When the Danish government enforced a new rule, on August 1, that meant any woman wearing a full-face veil would be fined it sparked demonstrations, and now one designer has used his turn at Copenhagen Fashion Week to protest Denmark’s controversial new law. Iranian-born creative Reza Etamadi dressed models in burqas and niqabs as he showcased the latest collection for his label MUF10, days after the regulations came into effect.
Etamadi also dressed models as police officers, who then handed flowers to women in Muslim dress during the display. “I have a duty to support all women’s freedom of speech and freedom of thought,” he told AP of his decision to use his platform in protest. “In Denmark, where I grew up, women were free to choose how dressed or covered they wanted to dress.” Earlier this month, the Scandinavian nation implemented a nationwide ban which outlaws the wearing of facial coverings, such as motorbike helmets and balaclavas, in public. Just days after the regulations came into effect, a 28-year-old Muslim woman was slapped with a fine of more than SAR/AED 500 for wearing a niqab.
Under the new Danish law, those found wearing facial coverings in public will be fined 1,000 kroner, while repeat offenders can be fined up to 10,000 kroner (SAR/AED 5,700). While it has been dubbed the “burqa ban”, the regulations do not explicitly state the Islamic veil is outlawed. However, many Muslim women feel the new law infringes on their freedom, leading to protests across the nation. Hundreds of demonstrators gathered in Copenhagen and Aarhus wearing the full-face veil, others joined in support, mocking the new legislation, wearing face masks. All protestors were exempt from fines as the new law allows people to “express themselves freely” in peaceful protests.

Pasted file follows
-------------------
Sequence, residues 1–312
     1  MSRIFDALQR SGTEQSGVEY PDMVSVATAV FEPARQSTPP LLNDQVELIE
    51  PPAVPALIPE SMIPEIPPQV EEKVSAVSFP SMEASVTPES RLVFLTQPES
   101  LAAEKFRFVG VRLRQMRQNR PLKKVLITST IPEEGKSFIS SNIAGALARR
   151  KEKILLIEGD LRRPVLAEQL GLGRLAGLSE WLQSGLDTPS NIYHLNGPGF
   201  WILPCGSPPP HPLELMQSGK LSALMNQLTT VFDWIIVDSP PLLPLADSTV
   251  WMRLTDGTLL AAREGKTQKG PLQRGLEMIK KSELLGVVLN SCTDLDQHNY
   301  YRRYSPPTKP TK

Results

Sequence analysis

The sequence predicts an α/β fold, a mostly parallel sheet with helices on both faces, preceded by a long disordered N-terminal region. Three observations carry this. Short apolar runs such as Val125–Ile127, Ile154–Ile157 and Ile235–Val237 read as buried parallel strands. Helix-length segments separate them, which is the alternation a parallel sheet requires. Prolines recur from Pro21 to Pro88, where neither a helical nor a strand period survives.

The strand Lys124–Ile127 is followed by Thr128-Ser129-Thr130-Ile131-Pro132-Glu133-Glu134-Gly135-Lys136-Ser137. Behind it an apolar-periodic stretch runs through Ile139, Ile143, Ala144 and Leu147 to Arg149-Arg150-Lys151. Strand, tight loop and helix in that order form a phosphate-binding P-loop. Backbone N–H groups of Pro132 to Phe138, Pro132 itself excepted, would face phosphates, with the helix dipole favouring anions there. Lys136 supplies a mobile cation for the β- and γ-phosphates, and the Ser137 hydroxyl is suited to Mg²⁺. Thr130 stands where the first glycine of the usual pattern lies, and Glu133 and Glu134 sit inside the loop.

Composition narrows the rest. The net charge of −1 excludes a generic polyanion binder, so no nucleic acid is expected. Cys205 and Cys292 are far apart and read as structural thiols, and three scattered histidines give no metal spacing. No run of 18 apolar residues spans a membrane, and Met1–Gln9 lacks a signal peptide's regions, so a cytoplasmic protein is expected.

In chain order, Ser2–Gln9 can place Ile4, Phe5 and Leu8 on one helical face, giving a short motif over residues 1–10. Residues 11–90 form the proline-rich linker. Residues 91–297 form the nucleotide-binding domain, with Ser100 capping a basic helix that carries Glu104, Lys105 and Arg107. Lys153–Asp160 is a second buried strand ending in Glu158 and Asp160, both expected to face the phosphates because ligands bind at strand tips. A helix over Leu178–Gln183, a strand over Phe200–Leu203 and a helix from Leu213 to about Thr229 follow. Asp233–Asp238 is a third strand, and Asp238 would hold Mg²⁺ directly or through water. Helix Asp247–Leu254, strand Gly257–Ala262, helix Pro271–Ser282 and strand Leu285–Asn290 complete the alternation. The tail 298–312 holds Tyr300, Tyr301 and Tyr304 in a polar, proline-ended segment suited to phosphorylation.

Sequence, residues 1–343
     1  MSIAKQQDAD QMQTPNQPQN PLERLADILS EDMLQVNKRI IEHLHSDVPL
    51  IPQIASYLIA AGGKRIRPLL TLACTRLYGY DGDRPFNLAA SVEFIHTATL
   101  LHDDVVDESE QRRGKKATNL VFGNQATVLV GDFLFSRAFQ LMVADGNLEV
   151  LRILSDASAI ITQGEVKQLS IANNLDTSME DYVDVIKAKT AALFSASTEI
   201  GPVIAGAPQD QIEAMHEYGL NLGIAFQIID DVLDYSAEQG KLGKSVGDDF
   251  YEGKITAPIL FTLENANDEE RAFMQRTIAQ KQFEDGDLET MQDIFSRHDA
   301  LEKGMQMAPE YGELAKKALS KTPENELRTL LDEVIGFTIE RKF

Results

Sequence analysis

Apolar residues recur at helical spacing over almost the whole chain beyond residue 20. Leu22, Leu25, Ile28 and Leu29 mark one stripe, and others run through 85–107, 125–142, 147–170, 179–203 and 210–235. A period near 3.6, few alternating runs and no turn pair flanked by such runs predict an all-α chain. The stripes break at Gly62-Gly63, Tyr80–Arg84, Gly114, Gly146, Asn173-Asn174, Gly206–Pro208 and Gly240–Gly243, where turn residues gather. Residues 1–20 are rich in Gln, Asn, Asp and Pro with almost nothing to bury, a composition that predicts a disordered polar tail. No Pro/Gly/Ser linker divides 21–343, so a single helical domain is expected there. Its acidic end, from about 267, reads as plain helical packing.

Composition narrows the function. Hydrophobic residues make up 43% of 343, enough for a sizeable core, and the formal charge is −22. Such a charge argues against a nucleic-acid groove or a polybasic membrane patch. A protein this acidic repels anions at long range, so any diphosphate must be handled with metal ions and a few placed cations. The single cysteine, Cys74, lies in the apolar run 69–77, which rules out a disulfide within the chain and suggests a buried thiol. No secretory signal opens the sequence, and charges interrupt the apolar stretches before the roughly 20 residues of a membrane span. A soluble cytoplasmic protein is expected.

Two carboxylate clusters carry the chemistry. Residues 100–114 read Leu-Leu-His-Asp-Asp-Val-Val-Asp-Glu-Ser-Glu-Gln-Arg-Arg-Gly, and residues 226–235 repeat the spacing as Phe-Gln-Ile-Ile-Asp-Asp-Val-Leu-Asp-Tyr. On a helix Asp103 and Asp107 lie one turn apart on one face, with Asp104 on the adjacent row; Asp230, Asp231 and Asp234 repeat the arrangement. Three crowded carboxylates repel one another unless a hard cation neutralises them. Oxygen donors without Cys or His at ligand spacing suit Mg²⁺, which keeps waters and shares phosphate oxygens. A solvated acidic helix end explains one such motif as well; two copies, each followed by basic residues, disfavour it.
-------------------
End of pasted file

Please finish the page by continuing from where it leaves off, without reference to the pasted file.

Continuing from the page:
“Anyone who wears a garment that hides the face in public will be punished with a fine,” the law states – however, campaigners have argued the law deliberately targets Muslim women. Human Rights Watch called the regulations “discriminatory,” adding that it was the “latest in a harmful trend” that follows the suit of similar laws in France, the Netherlands, Austria, and Belgium. Following his show, Etamadi revealed that he had no “unanimous attitude” towards the ban in general, but he did have one principle that the new law clashed with: “No man should decide what women should wear.”